Anyone who's had to manage someone's affairs while grieving knows the value of a Nokbox.
"Do you have a death box?" my friend asked me out of the blue one day.
I'm sorry? A death box? Like … a casket?
"No, a box of paperwork for when you die," she said. "You need one, trust me. It's the best thing ever. I've given one to all of my immediate family members."
"It's not actually called a 'death box,'" she added as she pulled up a website on her phone. "It's called a Nokbox. Have you ever heard of it?"
I had not. And how the heck did we start talking about me dying?
As she began to explain and show me what the Nokbox was, I understood why she was so adamant about me needing one. She was right. I did need one. We all need one.
Anyone who has ever managed someone's affairs or experienced an unexpected passing of a loved one knows that grief isn't the only thing you have to process when someone dies. We live in an era of legalities and paperwork and official channels and bureaucracy, and that doesn't end when our life on Earth does. In fact, it's a big part of what we leave behind, as annoying as it is.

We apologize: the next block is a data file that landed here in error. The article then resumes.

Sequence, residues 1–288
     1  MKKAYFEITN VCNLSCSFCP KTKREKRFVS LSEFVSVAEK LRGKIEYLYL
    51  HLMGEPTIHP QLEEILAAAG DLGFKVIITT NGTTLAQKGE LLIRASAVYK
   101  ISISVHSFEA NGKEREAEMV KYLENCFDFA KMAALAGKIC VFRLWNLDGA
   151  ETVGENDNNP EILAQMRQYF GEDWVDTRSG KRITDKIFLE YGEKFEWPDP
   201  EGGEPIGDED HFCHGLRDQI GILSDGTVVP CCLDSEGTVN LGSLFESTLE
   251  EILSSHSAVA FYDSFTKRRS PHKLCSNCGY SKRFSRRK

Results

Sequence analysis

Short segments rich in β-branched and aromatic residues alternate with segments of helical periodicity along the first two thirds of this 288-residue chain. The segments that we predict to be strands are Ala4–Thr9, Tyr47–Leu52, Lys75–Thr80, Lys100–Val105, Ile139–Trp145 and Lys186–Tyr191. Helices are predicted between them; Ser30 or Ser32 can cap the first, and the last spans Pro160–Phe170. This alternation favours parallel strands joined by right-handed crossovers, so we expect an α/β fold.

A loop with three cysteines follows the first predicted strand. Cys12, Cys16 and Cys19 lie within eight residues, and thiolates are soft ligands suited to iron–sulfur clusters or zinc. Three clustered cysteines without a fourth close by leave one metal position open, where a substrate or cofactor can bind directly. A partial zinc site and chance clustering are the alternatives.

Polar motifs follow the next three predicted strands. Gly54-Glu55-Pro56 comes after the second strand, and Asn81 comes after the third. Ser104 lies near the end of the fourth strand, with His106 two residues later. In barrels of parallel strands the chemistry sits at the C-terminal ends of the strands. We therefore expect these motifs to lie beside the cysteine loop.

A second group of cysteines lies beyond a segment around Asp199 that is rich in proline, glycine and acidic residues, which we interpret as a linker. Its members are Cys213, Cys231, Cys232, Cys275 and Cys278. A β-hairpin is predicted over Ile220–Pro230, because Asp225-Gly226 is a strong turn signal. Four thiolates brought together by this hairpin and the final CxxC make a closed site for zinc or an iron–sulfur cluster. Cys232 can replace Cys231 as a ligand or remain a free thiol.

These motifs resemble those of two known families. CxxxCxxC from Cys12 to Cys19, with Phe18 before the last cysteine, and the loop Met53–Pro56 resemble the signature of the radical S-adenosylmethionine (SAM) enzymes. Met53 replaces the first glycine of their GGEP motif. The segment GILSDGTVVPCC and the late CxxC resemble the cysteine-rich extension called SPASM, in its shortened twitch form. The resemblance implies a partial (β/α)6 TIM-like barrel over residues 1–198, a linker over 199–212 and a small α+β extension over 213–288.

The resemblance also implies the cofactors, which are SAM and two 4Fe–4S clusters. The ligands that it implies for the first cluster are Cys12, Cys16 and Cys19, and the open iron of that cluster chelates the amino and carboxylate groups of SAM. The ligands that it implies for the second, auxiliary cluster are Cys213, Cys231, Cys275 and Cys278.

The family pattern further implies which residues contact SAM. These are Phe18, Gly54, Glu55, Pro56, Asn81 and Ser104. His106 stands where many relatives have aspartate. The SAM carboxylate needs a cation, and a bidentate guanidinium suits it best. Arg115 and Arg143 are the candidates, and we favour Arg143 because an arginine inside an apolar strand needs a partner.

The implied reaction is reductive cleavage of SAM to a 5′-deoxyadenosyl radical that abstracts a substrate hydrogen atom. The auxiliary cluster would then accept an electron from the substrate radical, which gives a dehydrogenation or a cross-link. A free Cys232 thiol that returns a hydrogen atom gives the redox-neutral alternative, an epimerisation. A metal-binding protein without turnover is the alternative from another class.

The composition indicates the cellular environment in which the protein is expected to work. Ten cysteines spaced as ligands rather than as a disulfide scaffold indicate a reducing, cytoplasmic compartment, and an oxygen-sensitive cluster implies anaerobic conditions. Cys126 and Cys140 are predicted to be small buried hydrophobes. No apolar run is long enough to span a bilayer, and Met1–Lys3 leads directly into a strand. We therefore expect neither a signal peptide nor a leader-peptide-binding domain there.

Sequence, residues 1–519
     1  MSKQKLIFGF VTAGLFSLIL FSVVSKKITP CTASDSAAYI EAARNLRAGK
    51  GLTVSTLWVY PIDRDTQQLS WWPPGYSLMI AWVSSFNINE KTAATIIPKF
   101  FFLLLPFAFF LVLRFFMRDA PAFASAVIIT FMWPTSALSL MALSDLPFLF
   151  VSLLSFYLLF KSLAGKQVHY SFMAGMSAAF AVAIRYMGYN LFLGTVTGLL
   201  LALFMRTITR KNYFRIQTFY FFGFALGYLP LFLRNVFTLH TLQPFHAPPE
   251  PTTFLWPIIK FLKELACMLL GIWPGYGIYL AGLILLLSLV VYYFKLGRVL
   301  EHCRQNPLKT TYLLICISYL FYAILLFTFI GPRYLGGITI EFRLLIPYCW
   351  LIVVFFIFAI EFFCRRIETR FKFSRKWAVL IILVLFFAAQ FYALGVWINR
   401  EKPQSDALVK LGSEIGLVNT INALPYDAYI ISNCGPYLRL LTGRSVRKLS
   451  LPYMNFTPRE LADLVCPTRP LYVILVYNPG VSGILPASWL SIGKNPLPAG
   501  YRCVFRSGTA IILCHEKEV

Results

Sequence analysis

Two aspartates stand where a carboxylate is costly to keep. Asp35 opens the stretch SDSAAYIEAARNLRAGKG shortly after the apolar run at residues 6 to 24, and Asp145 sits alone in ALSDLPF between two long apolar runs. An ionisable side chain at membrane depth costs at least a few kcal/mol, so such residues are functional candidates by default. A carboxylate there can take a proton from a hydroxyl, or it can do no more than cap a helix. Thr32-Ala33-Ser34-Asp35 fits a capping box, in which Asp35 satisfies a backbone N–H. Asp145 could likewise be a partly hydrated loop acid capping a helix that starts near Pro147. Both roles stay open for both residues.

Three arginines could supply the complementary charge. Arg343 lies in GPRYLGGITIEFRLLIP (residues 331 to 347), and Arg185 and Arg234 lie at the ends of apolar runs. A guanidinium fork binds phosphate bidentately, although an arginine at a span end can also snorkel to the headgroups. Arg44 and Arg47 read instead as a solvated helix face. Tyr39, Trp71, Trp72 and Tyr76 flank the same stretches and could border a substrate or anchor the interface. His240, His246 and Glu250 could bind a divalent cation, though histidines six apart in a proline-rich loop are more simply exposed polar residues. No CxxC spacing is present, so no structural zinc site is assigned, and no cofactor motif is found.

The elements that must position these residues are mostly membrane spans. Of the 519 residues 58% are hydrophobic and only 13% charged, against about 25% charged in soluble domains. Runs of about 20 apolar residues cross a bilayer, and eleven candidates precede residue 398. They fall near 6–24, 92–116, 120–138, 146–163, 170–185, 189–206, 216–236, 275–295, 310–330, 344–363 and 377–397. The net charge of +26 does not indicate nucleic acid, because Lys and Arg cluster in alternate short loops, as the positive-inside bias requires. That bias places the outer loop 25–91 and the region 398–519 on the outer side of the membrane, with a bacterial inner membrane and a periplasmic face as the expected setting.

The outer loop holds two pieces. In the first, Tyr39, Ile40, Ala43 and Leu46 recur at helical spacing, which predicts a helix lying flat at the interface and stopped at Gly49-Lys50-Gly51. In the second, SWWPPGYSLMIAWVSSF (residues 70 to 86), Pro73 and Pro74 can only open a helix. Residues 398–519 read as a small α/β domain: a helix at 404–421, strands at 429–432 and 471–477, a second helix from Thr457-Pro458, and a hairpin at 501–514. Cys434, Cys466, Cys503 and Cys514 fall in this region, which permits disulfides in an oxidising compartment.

For instance, do your loved ones have access to your banking information? Credit card accounts? Social media profiles? Most of us would say no, as there's not much of a need for that when we're here. But what if we suddenly weren't? How would our loved ones know how to wrap things up for us?
A Nokbox—short for "next of kin box"—is an organizational system that helps those left behind avoid having to hunt through your files and electronics to close out accounts, notify lenders and other logistical tasks once you have passed away. You could create your own, of course, but the Nokbox does all the basic setup for you. (And no, this isn't an ad. I just greatly appreciate having things organized for me.)
As my Nokbox enthusiast friend explains, "After having some friends lose loved ones, I witnessed the grief coupled with immense stress that came along with trying to deal with the many tangible details left behind—what bills were there to pay and to whom, where were keys, where was a will if there was one, what were the passwords, etc."